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Activists complain of weakened voting security standard

FILE – In this Oct. 6, 2020, file photo voters fill out their ballot during early voting at the Cuyahoga County Board of Elections in Cleveland. The Cybersecurity and Infrastructure Agency, which President Donald Trump signed into existence in 2018, is working with other parts of the government to safeguard an election in the middle […]

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FILE – In this Oct. 6, 2020, file photo voters fill out their ballot during early voting at the Cuyahoga County Board of Elections in Cleveland. The Cybersecurity and Infrastructure Agency, which President Donald Trump signed into existence in 2018, is working with other parts of the government to safeguard an election in the middle of a pandemic. (AP Photo/Tony Dejak, File)

BOSTON (AP) — Leaders of the federal agency overseeing election administration have quietly weakened a key element of proposed security standards for voting systems, raising concern among voting-integrity experts that many such systems will remain vulnerable to hacking.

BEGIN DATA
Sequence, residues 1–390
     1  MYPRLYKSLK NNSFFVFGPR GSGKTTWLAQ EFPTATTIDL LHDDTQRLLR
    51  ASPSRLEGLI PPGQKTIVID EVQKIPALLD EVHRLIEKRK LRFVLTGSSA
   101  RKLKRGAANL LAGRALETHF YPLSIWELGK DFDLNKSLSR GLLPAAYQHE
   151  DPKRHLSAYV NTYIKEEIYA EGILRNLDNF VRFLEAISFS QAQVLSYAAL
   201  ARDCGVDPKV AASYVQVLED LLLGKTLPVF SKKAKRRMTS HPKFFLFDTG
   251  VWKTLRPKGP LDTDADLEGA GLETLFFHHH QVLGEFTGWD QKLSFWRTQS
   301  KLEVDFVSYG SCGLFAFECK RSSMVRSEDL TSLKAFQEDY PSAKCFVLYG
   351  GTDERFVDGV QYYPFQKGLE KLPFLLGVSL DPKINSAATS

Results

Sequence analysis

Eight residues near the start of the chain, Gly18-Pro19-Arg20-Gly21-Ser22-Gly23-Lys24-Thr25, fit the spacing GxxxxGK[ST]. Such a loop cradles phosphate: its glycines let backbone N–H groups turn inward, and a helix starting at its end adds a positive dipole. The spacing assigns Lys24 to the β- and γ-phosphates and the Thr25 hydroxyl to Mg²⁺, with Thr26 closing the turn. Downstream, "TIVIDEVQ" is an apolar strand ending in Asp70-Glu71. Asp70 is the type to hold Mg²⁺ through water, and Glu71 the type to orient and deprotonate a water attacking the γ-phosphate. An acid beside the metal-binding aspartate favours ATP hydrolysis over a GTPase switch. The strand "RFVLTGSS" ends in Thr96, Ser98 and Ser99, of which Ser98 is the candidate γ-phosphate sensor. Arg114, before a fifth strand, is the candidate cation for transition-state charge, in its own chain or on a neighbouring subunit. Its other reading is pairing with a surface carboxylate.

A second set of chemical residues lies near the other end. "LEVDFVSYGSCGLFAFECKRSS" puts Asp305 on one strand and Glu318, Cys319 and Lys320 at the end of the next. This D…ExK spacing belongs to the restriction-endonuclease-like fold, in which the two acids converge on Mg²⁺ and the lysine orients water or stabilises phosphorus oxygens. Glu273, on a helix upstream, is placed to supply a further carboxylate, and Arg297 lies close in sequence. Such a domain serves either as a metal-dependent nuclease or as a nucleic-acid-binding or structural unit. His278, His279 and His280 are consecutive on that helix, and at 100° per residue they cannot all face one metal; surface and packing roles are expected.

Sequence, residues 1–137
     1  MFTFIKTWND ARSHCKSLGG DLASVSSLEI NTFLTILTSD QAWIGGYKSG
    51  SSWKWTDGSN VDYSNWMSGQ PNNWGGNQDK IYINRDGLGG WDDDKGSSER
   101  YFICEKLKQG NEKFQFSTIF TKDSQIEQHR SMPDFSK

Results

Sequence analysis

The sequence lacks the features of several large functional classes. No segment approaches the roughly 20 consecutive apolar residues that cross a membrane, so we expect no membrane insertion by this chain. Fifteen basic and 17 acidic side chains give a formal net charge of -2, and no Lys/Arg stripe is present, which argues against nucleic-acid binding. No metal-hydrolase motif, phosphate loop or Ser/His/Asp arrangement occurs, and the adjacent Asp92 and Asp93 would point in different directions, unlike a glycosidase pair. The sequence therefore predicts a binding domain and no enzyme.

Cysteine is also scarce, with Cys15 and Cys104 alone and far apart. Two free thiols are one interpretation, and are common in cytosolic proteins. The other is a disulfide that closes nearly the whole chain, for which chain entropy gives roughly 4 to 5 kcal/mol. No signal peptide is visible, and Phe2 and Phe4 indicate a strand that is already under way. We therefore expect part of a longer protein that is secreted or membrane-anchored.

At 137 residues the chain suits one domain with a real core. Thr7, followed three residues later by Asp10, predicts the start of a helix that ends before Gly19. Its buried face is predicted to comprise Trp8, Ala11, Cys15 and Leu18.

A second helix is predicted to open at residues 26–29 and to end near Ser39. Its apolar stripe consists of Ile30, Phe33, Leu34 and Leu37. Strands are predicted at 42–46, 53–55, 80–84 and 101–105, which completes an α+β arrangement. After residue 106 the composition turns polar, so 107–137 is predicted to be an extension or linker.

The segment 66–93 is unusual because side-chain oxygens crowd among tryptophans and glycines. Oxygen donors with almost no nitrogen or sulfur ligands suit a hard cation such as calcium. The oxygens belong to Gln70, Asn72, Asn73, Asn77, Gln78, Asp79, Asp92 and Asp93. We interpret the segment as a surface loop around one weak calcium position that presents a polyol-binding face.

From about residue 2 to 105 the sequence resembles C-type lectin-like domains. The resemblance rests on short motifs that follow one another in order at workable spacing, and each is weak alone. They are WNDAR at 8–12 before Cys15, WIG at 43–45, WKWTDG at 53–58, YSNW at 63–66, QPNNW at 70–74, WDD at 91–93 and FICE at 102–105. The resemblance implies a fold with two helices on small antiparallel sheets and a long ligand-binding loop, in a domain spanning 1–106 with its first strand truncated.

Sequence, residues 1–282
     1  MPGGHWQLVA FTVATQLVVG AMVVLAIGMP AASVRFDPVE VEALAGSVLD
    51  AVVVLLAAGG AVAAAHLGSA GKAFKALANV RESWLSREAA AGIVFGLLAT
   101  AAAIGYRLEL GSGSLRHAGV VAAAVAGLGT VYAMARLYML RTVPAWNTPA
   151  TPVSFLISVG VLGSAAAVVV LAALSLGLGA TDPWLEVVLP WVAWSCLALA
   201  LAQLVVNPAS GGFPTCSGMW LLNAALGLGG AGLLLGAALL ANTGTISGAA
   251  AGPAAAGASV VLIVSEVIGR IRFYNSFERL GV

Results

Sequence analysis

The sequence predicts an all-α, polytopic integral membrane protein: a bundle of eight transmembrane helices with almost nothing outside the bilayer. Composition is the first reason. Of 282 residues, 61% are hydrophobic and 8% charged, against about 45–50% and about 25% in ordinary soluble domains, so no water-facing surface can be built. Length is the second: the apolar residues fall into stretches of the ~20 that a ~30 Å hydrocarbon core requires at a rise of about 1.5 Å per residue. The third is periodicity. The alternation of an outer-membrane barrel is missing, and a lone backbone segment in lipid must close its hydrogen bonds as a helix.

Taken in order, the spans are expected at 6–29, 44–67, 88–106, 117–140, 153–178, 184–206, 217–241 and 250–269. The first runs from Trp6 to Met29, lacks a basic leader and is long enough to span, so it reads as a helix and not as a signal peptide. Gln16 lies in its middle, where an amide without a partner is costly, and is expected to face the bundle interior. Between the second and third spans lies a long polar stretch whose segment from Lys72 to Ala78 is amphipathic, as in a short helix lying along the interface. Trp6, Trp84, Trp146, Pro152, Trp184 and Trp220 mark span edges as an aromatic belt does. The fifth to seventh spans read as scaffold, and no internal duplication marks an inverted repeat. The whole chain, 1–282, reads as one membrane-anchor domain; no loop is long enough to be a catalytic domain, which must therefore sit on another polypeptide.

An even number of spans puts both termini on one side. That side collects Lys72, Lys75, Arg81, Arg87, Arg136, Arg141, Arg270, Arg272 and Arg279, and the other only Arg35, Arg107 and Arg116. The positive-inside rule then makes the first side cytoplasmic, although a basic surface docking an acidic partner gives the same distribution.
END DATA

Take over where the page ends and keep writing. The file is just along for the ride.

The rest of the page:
The Election Assistance Commission is poised to approve its first new security standards in 15 years after an arduous process involving multiple technical and elections community bodies and open hearings. But ahead of a scheduled Feb. 10 ratification vote by commissioners, the EAC leadership tweaked the draft standards to remove language that stakeholders interpreted as banning wireless modems and chips from voting machines as a condition for federal certification.

The mere presence of such wireless hardware poses unnecessary risks for tampering that could alter data or programs on election systems, say computer security specialists and activists, some of whom have long complained than the EAC bends too easily to industry pressure.

Agency leaders argue that overall, the revised guidelines represent a major security improvement. They stress that the rules require manufacturers to disable wireless functions present in any machines, although the wireless hardware can remain.